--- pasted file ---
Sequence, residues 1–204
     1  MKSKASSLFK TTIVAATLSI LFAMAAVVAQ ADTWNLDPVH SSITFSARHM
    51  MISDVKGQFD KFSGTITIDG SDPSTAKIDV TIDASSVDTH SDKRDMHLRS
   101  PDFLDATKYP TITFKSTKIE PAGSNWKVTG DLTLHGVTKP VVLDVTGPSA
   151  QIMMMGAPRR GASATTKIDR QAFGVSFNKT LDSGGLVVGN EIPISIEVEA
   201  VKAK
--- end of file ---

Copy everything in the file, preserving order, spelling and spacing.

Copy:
Sequence, residues 1–204
     1  MKSKASSLFK TTIVAATLSI LFAMAAVVAQ ADTWNLDPVH SSITFSARHM
    51  MISDVKGQFD KFSGTITIDG SDPSTAKIDV TIDASSVDTH SDKRDMHLRS
   101  PDFLDATKYP TITFKSTKIE PAGSNWKVTG DLTLHGVTKP VVLDVTGPSA
   151  QIMMMGAPRR GASATTKIDR QAFGVSFNKT LDSGGLVVGN EIPISIEVEA
   201  VKAK